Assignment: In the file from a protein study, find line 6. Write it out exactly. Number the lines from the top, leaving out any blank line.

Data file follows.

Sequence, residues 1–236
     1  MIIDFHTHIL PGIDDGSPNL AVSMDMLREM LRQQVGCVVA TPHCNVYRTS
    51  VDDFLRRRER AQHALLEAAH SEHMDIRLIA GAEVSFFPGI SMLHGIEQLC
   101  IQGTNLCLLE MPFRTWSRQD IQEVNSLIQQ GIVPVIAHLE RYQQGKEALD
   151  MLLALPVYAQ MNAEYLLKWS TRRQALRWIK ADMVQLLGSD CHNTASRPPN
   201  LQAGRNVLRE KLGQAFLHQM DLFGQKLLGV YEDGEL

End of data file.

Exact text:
   201  LQAGRNVLRE KLGQAFLHQM DLFGQKLLGV YEDGEL